For a taste of something different in the dire moviegoing month of January, look no further than “Anomalisa,” Charlie Kaufman and Duke Johnson’s melancholy stop-motion oddity about one lonely narcissist and the damaged woman he encounters one night at a strange hotel in Cincinatti. Like any of Kaufman films, “Anomalisa” is packed with devices on top of devices and is practically bursting at the seams with invention. Though it’s noticeably more scaled-down than Kaufman’s previous directorial outing “Synecdoche, New York,” “Anomalisa” still probes at many thematic concerns that have preoccupied Kaufman throughout his long and fruitful career, including self-absorption, alienation and the grey area in between human feeling and the cruel whims of the universe. It’s a truly unique film, and only the most recent example of Kaufman’s polarizing, one-of-a-kind talent.
Kaufman happens to be the most recent guest on “WTF with Marc Maron,” the revealing, highly entertaining podcast hosted by the cat-happy comic, and it’s as great a listen as die-hard Kaufman fans could have hoped for. He opens up about a number of topics, including his background as a comedy writer alongside “Conan” writers like Louis C.K. and Robert Smigel, as well as his working relationship with Spike Jonze (whom he calls a “fantastic collaborator”) and Michel Gondry, who directed his scripts for “Human Nature” and “Eternal Sunshine of the Spotless Mind.”
Kaufman takes Maron through pretty much his entire filmography, from his breakout script “Being John Malkovich” —which, if you can believe it, was apparently conceived as a spec script designed to get the then-unknown writer jobs— through to 'Eternal Sunshine,' which many consider to be his finest script. He also throws more than a little bit of shade at former collaborator George Clooney, who Kaufman claims messed up his script for the screwy black comedy “Confessions of a Dangerous Mind.”
“That was a movie in which I was not consulted,” Kaufman elaborates. “George Clooney changed the script, he didn’t talk to me during production… we kind of didn’t get [along]. I was invited to see the movie after it was pretty much done. And I wrote a bunch of notes, gave them to him and I guess it was offensive to him.”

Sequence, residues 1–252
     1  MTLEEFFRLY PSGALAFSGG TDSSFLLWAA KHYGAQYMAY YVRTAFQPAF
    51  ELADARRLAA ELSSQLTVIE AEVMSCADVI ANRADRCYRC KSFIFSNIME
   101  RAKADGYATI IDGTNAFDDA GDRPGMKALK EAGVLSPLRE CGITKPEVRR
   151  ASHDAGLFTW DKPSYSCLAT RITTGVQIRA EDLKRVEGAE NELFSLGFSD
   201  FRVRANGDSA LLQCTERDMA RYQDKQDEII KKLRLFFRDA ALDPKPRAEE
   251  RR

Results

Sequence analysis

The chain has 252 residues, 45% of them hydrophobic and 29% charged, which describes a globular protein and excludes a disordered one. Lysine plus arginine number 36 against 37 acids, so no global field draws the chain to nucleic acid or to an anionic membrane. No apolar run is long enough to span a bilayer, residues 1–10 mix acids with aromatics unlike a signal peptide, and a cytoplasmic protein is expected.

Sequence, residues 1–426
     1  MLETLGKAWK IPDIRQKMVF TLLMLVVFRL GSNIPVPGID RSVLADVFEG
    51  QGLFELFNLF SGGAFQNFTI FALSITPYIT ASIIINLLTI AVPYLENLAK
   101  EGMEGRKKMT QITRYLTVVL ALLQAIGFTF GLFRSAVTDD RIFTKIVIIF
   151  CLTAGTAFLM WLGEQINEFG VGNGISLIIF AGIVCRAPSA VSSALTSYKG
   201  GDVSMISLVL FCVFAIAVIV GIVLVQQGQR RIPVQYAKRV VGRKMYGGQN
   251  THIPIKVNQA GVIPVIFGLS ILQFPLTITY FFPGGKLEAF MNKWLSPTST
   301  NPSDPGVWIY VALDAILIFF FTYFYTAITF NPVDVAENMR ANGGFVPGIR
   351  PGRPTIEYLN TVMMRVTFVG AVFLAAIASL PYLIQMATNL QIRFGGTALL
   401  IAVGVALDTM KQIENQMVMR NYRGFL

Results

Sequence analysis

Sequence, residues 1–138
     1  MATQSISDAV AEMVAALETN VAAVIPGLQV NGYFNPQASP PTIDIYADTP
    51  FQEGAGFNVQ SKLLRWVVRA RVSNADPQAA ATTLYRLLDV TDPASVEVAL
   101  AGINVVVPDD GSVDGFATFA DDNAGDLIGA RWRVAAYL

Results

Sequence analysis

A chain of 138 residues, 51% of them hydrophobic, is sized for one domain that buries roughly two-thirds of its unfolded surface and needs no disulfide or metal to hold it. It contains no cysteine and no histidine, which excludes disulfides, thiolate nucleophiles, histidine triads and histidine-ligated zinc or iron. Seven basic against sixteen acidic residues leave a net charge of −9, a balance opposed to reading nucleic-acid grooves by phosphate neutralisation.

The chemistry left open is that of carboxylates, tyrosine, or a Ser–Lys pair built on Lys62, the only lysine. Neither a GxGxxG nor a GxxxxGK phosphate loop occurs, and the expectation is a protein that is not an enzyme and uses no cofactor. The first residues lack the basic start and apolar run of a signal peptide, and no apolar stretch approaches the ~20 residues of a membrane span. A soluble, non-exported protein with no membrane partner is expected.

Maron is almost always able to get his guests to speak freely, and Kaufman is no exception. He’s also brutally honest in his assessment of his body of work, particularly “Adaptation,” which he had a famously difficult time with, and “Synecdoche, New York,” his morbid, opaque manifesto that split critical and audience opinion right down the middle. But Kaufman doesn’t seem interested in pandering to the film’s critics as he elaborated in the following remarks.
“I think a lot of people are mad at me… I don’t know what people are mad at. I think people were mad that the movie was 'bullshit' or 'pretentious'… they’re not gonna want to watch the movie again. I don’t know what they’re so mad about,” he said.
Well, you can’t say the guy is shy about speaking what’s on his mind. In addition to his great talk with Maron, Kaufman also joins “Anomalisa” co-director Duke Johnson in another wonderful, informative talk at CBC's "q", in which the two discuss the origins of "Anomalisa" as a radio stage play, the script, and why Kaufman thinks it best to not judge his characters. Check out both the Maron interview and CBC chat with Duke Johnson below.